In addition to the Point Reyes site, thus far, funding has been secured for bi-monthly sampling at the Scripps Pier in La Jolla, Calif., and goals have been met for at least single samples at Ocean Shores, WA, Santa Monica, Calif., and Mendocino, Calif.

Dr. Roger Gilbert, a radiation oncologist in Mendocino, Calif. raised funds to support analysis of his coastal community’s seawater.

“My motivation was concern over fear-mongering on the Internet about allegedly high levels of Fukushima radiation in the coastal waters of California. I am a radiation oncologist, more familiar than most with radioactivity, and it seemed highly likely that the vast dilution of radioisotopes from Fukushima by the Pacific Ocean would result in a barely (if at all) measurable rise in counts,” he says.

Community activist Bing Gong raised $2,200 from friends and neighbors and plans to continue to raise enough funds to sample the seawater off Point Reyes over the next three years.

“What we really need is support to sample the same sites multiple times over the next couple of years, like the support coming from the community in Point Reyes, where we will be able to fully monitor the plume’s arrival and movement over time,” Buesseler says.

The plume of radiation from the Fukushima Dai-ichi nuclear power plant is forecasted to be detectable at the Pacific coast in April 2014, according to a scientific model developed by Vincent Rossi, a post-doctoral research associate at the Institute for Cross-Disciplinary Physics and Complex Systems in Spain.

Rossi’s model projects that traces of Fukushima’s radiation will reach Alaska and coastal Canada first because of the trajectory of the powerful Kuroshio Current that flows from Japan across the Pacific. The plume will continue to circulate down the coast of North America and back towards Hawaii.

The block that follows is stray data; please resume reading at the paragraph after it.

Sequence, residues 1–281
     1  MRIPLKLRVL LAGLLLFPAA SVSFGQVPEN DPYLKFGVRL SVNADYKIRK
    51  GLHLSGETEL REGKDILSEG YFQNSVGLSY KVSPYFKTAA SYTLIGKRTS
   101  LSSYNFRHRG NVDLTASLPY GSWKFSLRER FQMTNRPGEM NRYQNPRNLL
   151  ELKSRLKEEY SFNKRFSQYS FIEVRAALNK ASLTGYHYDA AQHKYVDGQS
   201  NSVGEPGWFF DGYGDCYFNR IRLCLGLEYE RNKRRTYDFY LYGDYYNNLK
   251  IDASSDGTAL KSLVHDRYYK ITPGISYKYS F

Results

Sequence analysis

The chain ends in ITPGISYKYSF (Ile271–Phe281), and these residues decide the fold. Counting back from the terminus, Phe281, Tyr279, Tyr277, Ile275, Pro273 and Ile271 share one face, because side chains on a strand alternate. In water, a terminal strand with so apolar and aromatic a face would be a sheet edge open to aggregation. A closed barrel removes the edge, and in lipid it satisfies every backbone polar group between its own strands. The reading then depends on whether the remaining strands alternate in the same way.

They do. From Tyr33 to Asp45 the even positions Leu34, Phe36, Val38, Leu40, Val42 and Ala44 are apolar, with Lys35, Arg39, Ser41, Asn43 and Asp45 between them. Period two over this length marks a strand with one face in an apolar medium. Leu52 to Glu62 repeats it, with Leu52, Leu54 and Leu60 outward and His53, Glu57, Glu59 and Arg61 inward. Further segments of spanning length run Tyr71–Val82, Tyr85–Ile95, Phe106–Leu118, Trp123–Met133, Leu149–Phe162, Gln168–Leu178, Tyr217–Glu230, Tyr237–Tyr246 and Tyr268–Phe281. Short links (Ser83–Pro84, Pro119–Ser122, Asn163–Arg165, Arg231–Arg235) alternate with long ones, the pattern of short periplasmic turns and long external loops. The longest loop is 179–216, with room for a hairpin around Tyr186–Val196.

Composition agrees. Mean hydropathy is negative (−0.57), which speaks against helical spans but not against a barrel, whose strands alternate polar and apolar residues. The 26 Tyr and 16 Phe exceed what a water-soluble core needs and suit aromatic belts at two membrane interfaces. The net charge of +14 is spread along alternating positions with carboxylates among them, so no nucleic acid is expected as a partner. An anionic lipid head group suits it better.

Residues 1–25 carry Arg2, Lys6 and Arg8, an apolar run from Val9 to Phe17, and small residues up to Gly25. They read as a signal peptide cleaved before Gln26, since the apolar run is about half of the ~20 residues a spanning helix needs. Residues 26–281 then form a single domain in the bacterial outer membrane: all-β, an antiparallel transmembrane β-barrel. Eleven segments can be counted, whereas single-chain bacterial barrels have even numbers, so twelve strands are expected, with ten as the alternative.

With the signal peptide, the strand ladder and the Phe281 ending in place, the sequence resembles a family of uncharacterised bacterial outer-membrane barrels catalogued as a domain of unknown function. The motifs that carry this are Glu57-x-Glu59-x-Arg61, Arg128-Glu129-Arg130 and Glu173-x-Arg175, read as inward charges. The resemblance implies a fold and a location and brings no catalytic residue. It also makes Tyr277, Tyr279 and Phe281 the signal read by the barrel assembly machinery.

Fukushima contamination can be “fingerprinted” from precise measurements of the relative amounts of two cesium isotopes: The long lived cesium-137 isotope with a 30-year half life that has been in the ocean from 1960s weapons testing, and cesium-134, with a 2-year half life that can only be a result of the more recent 2011 Fukushima accident. Today new data will be posted on the website from four funded sample sites: La Jolla, Calif., Point Reyes, Calif., Grayland, WA, and Sequim Bay, WA.

No traces of Fukushima’s cesium-134 have been detected in Buesseler’s analyses yet. And, the level of cesium-137 is what's expected from the 1960s sources (1.5 Bequerels per cubic meter).

“The reason why we see such low levels of radiation in these samples is because the plume is not here yet. But it’s coming. And we’ll actually be able to see its arrival,” Buesseler says. “That baseline data is critical.”

Having samples from before the plume reaches the coast is important for building a complete data set that measures changing radiation levels over time and improving scientists’ ability to model plume behavior.

“We expect over the rest of 2014, levels will become detectable starting first along the northern coastline. But the complex behavior of coastal currents will likely result in varying intensities and changes that cannot be predicted from models alone,” Buesseler says.